FIG. 4A and FIG. 4B are exemplary function block diagrams that illustrate an exemplary durable adhesive joint in accordance with aspects of the present disclosure. Referring to FIG. 4A, two curved, composite, sandwich panels (405 and 425) are being joined each curved panel (405 and 425) has a recessed area (410 and 420) to couple with an insert structure 415 as described in the present disclosure.

Referring to FIG. 4B, the curved panels (405 and 425) may be brought together during the joining process to enclose the insert structure 415. The joining process may create a durable redundant joint 455 using the insert structure. Further, during the joining process an adhesive fillet may be introduced to create or generate one or more primary bondlines and/or one or more redundant bondlines.

FIG. 5A is a block diagram illustrating an exemplary durable redundant joint 500 providing a redundant load path to overcome manufacturing defects 515 within an adhesive layer of the joint. Further, FIG. 5A shows a partial illustration of a durable redundant joint that includes a splice or splice plate 505, a primary bondline 510, and a redundant bondline 512. Further, the DRJ may include a face sheet 520 of the sandwich structure as well as the sandwich core material (540a and 540b) which may include an aluminum honeycomb core in some embodiments. In addition, the DRJ may include a preform insert structure that has an insert face sheet 530 and insert core material 535 which may be made of a dense foam material in some embodiments.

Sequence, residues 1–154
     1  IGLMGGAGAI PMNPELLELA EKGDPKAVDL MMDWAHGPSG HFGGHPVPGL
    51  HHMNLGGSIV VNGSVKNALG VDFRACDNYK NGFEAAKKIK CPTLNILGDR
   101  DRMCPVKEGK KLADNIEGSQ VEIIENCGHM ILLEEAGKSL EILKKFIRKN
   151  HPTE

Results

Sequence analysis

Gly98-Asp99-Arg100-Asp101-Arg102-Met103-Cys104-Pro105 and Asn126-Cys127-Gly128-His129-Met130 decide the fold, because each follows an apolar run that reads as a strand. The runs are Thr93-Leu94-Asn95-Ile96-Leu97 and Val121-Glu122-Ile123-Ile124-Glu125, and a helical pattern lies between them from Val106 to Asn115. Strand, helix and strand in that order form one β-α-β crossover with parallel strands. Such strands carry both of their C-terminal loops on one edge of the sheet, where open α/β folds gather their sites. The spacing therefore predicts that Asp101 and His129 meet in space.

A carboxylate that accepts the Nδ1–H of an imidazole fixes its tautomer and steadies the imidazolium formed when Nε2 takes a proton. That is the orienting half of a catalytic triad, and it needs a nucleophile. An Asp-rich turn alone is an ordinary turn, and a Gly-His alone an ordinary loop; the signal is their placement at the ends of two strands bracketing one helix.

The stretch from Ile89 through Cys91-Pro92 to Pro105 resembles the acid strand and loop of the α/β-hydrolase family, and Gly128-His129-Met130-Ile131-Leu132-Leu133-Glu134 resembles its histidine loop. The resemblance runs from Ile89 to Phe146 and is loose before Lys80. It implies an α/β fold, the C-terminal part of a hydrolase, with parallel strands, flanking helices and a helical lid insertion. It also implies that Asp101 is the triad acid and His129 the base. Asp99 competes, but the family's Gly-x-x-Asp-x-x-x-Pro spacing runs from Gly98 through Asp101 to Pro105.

The failure traditional adhesively bonded joints is usually not a cohesive failure within the adhesive itself, but rather a failure at the surface between one of the elements (e.g. face sheet) and the adhesive itself as shown in FIG. 5. This is a manufacturing-induced phenomenon where, in some cases, understood mechanisms such as gaps or vacancies in the adhesive of the bondline act to severely discount the load-bearing capacity of joint. Considering that adhesively bonded joint configurations tend to lack redundancy, confidence in bond integrity had remained an issue.